SF: Yeah, it is… And that’s a good example, you know, that is a great example where we were probably able to do something adventurous – but, to be honest, if a studio had that same film – and that film had lots of strengths and lots of challenges, and the challenges were it could be perceived as bleak, or cold, or potentially depressing, you know, and people on a Friday night don’t want to go out and be depressed – then finding a way to make it melancholic but still have a charm and, you know, they may have ended up in the same place. And, I mean, The Social Network [trailer]… they used one track, which was, I think, that choir of school kids singing ‘Creep’… and they used that for the whole thing, and it had a pretty unusual structure too, with a whole load of Facebook stuff up front, so it broke rules, and I guess you’d see that as a mainstream trailer, so… a lot of its dictated by the film – the difference is, if you’re working on studio films, they do tend to follow certain rules themselves and subsequently as a result the trailers probably follow, whereas you know, something like Blue Valentine probably wouldn’t pop up so often.

 

KMJ: As we’re talking about approaches to trailer production, is there a traditional process you go through either when pitching for work, or being asked to work on a particular film?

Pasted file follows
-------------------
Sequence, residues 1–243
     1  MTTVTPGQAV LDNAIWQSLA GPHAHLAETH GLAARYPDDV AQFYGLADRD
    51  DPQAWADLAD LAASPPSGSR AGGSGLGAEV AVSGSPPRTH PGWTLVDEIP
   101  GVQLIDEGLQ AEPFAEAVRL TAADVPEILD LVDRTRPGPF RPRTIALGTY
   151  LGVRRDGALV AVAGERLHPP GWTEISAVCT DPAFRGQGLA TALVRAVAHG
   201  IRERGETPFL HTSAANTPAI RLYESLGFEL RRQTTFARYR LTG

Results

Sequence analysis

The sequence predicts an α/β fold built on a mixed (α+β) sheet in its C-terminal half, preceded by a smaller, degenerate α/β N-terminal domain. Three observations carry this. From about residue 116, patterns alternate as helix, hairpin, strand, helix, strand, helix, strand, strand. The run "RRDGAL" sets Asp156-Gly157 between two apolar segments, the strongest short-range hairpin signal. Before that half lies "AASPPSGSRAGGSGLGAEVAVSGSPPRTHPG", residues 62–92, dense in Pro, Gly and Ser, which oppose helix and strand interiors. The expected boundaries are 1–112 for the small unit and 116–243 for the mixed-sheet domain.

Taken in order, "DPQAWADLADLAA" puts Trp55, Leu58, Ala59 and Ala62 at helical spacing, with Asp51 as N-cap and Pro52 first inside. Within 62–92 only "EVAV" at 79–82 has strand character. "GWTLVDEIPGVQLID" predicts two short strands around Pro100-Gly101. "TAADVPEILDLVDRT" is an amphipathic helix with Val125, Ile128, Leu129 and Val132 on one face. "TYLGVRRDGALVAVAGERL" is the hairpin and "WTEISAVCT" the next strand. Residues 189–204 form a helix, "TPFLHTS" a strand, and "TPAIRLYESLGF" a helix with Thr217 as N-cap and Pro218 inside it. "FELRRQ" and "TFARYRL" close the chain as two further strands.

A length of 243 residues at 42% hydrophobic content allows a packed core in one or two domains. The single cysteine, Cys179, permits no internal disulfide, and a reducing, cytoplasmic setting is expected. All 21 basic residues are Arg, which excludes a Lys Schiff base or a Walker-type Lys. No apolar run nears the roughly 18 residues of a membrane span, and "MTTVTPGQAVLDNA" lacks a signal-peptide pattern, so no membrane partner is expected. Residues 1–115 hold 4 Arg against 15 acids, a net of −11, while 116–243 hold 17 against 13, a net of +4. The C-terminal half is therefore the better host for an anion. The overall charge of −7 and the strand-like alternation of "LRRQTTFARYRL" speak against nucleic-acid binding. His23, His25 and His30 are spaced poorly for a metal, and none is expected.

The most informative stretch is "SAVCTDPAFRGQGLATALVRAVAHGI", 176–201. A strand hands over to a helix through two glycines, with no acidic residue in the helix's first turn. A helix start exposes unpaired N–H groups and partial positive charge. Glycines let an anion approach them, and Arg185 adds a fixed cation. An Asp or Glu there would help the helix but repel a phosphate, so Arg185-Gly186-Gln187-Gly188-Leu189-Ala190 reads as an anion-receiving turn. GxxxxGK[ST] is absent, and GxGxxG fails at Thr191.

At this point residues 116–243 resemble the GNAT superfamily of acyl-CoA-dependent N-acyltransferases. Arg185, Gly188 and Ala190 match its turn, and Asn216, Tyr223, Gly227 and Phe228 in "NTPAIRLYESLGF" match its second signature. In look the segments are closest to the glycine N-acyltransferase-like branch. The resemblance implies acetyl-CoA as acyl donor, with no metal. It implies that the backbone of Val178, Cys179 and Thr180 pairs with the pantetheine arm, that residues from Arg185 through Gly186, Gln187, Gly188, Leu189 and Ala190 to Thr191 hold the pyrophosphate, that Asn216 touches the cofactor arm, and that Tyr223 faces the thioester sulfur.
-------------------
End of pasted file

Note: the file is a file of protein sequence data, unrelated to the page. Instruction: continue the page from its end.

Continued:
SF: Oh, yeah, definitely… there’s no magic to trailer cutting. I mean, there is magic as in the guys who sit in the suite, ultimately they’ve either got that ability to really create something special, or they haven’t – but in terms of the process, if you follow the process and you plug the right people into that process along the way, you will end up with a reasonably good trailer no matter what. If you approach it haphazardly, without that sort of process and experience, it’s easy to get lost… while there’s lot of creativity goes on within the process, the process is very structured from brief to script to first cut, first work in progress cut, internally reviewed, to the point where a cut is presented to the client, to the way we approach feedback, and then move forward… when we hit a hurdle there are certain protocols we follow, you know, which is to spread it out over another team… there is literally a very rigid creative process which it all hangs off.

 

KMJ: Other, older, trailer makers I’ve interviewed have described trailer production as having an element of autonomy about it – do you think that’s accurate, or has that changed over the years?